There's no way to be critical about this movie. You should know exactly what you're getting in to before you go and that's the only reason to go. I heard Adam Carolla talk about it the other day and he basically said, and I'm paraphrasing here, "FAST FIVE is like a Twinkie. It's not great and you can't compare it to a real dessert like a fresh German Strudel. But if you're in the mood for a Twinkie, the only thing that's going to satiate you is a Twinkie."

And that's probably the best way to sum it up. Sure, there are flaws and holes and it's about 15 minutes too long, but it is what it is. There are a few great action scenes and a fantastic climax. The whole plot felt a little too "borrowed" from OCEAN'S 11 though (right down to the characterizations) and from what I've been told by 'fans' of the series, too caper-y and light on street racing.

But you know what? I don't care. The Rock killed it the whole way through and I was entertained for two hours on a Sunday night. That's more than I was hoping for and my $8.50 paid off.

And finally, The Rock has come back.

Sunday, May 1, 2011


I've been thinking a lot about the state of trevorhale.com over the past week.

I like what I've done with it and it's going to be fun to look back at in years to come, but I also want it to be more fun for everyone else to look back at in years to come.

But I also want people to enjoy coming here and looking at it right now. I want it to be part of your daily (or at least semi-daily) Internet routine. I really like when I see people I haven't seen for a while and they tell me that they like looking at my blog. But not in a "Hell yeah, I'm popular" kind of way, though. More of a "I'm genuinely glad people enjoy reading the silly things I post or watching the stupid videos I make with my friends" kind of way.

So, I'm kind of reaching out here. Let me know what you like, what you don't like, what you'd like to see more of, less of, etc., etc. You can post a comment, send me an e-mail, or hell, if you don't want me to know who you are and just want to hate on me anonymously for a minute, you can do that too.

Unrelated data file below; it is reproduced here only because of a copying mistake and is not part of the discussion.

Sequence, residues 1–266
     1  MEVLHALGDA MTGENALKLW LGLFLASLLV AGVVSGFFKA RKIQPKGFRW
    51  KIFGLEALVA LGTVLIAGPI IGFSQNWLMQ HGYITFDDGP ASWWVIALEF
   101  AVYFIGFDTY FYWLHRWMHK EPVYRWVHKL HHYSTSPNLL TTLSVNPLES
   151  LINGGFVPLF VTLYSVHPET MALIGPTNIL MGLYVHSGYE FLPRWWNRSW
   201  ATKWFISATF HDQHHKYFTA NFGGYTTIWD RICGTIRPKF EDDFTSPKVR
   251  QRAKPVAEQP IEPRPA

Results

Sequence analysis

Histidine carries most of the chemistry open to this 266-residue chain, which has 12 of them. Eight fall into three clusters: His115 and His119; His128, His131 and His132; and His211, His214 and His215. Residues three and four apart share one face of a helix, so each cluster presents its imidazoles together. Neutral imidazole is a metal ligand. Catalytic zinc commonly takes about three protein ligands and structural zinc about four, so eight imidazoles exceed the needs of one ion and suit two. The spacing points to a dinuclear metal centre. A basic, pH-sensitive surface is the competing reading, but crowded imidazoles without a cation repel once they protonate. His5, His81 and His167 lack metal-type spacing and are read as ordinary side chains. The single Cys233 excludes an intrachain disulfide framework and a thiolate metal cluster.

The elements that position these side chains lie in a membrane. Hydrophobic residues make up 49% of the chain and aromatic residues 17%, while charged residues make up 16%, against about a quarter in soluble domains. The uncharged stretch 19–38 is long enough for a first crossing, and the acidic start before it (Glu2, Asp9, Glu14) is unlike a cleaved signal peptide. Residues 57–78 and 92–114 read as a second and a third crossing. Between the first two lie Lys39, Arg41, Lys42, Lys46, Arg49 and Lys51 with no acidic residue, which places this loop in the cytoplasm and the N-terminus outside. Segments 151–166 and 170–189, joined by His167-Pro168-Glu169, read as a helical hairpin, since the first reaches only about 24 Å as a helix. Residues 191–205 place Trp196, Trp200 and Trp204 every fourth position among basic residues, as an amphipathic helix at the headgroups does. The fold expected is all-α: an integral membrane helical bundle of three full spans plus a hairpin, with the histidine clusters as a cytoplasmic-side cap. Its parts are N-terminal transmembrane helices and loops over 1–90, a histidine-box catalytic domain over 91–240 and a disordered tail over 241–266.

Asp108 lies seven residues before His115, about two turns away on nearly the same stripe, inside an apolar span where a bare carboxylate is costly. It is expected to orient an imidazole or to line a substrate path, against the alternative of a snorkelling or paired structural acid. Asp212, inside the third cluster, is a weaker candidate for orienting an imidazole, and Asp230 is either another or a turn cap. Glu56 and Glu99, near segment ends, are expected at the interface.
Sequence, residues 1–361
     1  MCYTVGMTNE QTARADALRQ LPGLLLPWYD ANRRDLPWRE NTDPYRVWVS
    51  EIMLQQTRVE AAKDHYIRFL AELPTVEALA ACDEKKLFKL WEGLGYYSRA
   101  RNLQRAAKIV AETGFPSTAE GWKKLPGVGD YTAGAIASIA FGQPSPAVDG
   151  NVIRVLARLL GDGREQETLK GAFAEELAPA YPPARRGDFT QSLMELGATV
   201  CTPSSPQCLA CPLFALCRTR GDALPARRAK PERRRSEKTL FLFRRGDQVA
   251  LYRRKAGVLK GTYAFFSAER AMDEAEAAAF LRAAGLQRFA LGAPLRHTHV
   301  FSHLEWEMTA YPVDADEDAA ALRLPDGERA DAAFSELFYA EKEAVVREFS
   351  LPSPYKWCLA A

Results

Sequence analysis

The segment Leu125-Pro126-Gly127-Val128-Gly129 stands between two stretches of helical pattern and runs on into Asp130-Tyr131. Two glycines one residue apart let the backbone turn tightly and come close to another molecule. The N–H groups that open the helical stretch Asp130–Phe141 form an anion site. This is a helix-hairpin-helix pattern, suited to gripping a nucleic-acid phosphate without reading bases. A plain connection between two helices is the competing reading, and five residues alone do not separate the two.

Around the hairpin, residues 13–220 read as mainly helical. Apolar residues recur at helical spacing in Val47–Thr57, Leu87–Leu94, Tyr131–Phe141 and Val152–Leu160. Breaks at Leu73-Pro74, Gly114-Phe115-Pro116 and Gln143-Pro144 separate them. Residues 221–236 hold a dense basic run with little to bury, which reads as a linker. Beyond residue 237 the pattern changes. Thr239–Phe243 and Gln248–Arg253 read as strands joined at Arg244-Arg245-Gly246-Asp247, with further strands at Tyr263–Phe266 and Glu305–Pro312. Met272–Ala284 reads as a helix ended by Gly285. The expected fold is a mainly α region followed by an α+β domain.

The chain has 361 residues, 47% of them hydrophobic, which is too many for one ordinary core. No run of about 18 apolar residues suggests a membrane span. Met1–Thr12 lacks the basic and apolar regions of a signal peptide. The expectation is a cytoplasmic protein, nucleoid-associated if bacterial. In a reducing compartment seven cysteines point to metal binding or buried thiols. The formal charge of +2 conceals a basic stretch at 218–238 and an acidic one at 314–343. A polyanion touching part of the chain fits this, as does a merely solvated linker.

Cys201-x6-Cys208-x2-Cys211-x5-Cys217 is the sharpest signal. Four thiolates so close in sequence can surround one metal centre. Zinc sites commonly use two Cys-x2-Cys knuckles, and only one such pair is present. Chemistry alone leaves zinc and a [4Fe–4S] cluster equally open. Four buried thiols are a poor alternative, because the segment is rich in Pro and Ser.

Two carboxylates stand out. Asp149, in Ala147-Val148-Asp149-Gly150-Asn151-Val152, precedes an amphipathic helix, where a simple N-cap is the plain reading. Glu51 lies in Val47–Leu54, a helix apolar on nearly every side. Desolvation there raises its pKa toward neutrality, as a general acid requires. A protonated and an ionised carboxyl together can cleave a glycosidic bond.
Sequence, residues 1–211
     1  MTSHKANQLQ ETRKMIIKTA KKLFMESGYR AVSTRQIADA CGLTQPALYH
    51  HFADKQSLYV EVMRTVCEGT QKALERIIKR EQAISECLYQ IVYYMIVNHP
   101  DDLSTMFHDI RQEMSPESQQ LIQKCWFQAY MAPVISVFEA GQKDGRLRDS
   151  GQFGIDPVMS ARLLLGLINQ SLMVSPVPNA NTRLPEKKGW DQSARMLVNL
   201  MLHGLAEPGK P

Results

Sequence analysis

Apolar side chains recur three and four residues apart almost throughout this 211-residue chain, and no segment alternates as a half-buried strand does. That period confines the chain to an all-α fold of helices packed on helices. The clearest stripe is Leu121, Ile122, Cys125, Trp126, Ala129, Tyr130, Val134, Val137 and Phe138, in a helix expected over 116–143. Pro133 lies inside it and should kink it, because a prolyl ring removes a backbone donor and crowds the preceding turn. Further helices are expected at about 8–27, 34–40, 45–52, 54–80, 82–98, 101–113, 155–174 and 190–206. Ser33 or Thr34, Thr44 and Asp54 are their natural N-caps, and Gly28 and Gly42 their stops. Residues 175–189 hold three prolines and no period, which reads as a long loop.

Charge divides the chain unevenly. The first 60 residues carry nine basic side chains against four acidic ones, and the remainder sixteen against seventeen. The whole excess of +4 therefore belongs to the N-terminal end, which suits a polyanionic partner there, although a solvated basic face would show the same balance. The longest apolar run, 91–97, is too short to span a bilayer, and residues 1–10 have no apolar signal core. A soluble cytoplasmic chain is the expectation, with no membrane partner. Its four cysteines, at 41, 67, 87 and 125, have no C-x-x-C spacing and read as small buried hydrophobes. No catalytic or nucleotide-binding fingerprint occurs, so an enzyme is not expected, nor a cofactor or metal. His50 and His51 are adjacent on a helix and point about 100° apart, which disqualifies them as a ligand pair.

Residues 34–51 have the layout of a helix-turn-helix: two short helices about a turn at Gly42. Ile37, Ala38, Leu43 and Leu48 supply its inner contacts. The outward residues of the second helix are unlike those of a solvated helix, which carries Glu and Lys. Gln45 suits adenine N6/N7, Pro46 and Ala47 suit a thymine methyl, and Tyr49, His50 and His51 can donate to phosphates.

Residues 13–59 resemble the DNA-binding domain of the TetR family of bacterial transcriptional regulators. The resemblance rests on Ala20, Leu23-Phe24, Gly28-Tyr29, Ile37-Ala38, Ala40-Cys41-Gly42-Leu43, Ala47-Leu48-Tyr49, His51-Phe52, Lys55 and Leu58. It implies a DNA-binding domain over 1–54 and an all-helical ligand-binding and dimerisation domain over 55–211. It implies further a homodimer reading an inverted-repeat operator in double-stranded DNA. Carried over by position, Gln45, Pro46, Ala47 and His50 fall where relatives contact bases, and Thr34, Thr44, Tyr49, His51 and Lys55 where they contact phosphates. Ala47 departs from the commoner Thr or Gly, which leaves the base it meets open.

I'm genuinely curious. I've got some ideas for this site that I hope to have implemented over the next month or so, but for now, thanks for coming here. Hopefully you keep coming back to learn about all the stuff you never thought you wanted to know.


Things were pretty quiet last week, but for good reason. I was on vacation.

Short and sweet, but much needed and much appreciated. If you couldn't tell by the post below this one, I was in Florida and it was gorgeous. Mostly. I posted on Twitter that Florida is like the crafty, chubby girl of the states. It's not nearly as awesome as the Internet pictures lead you to believe. Most of the way down, it looks like a shit hole. The Florida Keys, while awesome in certain areas, still looks exactly like it did when it hit its peak in 1957.

We were heading to Duck Key for a wedding and on the way, we drove through Key Largo and past the Caribbean Club. I wanted to stop for a picture next to the sign, but figured I'd be the only one that cared, since I'm one of the few that's actually seen or remembers the movie. The travel time to actual hanging out was a little less than desirable, but we still made it work.

Here's our itinerary: Red eye from from SLC (1:05 am) to ATL (6:25 am), a one hour layover, ATL (7:25 am) to FLL (9:25 am), rented a car, got breakfast and coffee and drove the 130 miles to Duck Key. Hung out the rest of the day, got up the next morning and drove the 60 miles south to Key West. Pretty much for nothing besides eating at the vegan restaurant they had, buying Cuban cigars for my dad and taking a picture with that sign. Drove back, went to the wedding, partied, slept. Next day, got up hung around all day, drove the 130 miles back to Fort Lauderdale, spent the night, got up the next morning at 5:30, returned the rental car for a 7:15 am flight to Detroit that was about 3.5 hours, had an hour layover then a 3 hour 20 minute flight to Salt Lake City.

Like I said, not the greatest itinerary, but we made the most of it.

I'm posting a couple of pictures for now. When I get/find/convince Colby to get me the rest of them, I'll post a folder somewhere for you to see them all. This will have to tide you over.

It's good to be home.